Keeping Doha moving is an issue as Qatar prepares to host football’s Fifa World Cup in 2022. The highest levels of government have highlighted the challenge, and the problem now rests with clients such as Qatar Railways Company (QRail) and the Public Works Authority (Ashghal), as they prepare to award billions of dollars of construction contracts this year.
The highest-profile contract awards in 2013 will be the packages on the Doha Metro scheme. The contracts for the Red Line North and Red Line South are due to be awarded by April and work will start by summer.
There will be some disruption on the surface and roads will be diverted, but the real issue is increased traffic volumes. QRail, the state firm handling the metro project, anticipates more than 4,000 truck movements a day.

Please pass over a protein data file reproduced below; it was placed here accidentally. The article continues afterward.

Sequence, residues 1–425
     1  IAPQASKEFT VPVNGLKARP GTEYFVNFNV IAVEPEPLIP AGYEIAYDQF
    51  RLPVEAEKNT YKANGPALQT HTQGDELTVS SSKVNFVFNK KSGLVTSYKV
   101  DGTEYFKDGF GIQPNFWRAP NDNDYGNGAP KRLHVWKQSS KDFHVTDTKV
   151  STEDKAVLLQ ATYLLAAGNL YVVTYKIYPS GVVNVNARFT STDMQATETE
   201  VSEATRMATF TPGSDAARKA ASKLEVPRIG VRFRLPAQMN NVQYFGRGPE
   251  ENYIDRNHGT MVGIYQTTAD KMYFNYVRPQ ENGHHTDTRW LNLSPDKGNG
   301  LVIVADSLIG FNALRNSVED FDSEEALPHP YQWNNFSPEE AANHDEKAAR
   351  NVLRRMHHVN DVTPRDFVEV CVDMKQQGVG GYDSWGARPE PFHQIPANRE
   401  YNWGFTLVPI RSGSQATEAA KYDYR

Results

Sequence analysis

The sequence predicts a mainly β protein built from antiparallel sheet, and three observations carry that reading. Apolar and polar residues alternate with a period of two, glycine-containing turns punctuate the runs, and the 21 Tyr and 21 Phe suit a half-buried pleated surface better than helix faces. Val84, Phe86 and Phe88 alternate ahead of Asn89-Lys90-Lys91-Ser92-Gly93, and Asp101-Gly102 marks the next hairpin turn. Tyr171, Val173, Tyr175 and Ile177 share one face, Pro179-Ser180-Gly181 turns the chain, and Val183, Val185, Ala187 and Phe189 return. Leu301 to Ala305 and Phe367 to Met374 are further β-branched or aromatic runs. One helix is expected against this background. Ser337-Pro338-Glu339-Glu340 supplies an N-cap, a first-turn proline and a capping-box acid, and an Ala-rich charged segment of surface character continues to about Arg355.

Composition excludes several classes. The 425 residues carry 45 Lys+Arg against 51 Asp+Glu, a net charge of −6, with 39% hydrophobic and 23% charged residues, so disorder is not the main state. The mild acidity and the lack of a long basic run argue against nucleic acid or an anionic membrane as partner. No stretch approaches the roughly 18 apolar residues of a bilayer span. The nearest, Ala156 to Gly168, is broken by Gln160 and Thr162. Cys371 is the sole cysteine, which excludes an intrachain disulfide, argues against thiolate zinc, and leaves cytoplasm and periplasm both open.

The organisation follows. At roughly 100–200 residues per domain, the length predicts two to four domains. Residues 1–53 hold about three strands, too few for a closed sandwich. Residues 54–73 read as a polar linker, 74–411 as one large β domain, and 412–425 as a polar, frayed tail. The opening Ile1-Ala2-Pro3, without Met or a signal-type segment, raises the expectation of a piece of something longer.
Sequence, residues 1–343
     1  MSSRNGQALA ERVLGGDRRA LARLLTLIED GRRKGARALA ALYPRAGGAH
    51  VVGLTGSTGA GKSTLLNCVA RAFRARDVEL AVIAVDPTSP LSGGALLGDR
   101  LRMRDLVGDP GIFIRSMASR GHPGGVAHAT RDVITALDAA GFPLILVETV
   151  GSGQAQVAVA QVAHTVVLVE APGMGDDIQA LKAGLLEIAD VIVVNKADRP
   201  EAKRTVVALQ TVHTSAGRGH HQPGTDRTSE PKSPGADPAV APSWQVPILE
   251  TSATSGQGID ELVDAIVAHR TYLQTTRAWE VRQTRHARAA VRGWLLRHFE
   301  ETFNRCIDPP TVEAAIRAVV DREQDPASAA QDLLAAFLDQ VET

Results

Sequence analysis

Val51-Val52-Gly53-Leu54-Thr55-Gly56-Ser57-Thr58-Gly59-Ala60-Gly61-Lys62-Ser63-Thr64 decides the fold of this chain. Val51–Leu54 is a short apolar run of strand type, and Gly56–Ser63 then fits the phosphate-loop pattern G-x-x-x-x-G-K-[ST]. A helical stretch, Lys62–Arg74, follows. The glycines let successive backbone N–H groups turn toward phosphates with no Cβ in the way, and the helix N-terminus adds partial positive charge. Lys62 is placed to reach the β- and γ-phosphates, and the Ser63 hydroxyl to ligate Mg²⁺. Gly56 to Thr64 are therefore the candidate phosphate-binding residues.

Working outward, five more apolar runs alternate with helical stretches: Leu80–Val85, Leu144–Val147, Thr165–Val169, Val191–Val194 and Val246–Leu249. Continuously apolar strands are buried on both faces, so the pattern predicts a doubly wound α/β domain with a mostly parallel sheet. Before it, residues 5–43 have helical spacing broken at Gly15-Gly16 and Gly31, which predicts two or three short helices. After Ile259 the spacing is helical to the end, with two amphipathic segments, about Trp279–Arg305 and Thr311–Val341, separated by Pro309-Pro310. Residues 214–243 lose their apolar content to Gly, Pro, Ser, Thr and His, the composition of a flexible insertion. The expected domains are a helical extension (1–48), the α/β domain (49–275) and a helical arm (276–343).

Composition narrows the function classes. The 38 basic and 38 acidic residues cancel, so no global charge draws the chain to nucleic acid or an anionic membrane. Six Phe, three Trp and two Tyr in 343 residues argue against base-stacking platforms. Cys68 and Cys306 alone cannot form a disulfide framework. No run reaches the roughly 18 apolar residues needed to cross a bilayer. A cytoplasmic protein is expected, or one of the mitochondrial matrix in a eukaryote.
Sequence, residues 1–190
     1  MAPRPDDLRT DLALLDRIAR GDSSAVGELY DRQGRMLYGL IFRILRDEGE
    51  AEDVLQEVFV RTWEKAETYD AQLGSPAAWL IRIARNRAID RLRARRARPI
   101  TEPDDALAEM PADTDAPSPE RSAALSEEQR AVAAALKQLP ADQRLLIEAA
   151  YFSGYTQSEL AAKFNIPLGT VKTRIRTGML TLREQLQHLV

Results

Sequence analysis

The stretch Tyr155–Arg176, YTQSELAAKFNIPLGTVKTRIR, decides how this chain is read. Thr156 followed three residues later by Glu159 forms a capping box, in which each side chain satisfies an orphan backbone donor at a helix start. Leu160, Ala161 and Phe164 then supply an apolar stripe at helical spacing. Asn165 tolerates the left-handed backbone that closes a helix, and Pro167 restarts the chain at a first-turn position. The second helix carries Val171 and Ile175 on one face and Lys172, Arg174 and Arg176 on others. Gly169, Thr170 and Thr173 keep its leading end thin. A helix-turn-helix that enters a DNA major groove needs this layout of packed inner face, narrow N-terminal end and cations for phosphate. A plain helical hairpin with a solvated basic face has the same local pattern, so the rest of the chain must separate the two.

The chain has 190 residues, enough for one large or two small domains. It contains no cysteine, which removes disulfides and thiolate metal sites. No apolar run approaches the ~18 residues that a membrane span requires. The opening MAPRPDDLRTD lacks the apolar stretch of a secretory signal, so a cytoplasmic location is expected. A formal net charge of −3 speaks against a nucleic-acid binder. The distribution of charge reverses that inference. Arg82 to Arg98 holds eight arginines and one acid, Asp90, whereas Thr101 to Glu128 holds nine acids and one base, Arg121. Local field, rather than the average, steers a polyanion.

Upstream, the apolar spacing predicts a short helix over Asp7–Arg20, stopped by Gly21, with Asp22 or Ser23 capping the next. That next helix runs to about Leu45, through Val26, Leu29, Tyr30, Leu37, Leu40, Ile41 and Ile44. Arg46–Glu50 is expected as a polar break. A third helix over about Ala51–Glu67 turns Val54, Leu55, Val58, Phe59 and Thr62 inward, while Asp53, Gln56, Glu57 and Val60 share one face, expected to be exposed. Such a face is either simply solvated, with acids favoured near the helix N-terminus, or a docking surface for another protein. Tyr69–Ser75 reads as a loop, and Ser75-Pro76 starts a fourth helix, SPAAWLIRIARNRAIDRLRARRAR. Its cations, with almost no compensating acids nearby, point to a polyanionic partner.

The metro is only part of the congestion equation. There will be thousands more trucks serving other projects such as Ashghal’s expressway programme and the Inner Doha Re-sewerage Implementation Strategy.
Any congestion will have a detrimental effect on the economy. In 2006, Dubai estimated that congestion cost the city about $1bn a year, and Doha could expect a similar hit.
The good news is Dubai shows that metros and new highways do successfully alleviate congestion once they are operational. In the meantime, people will have to accept that congestion on Doha’s roads will get worse before it gets better.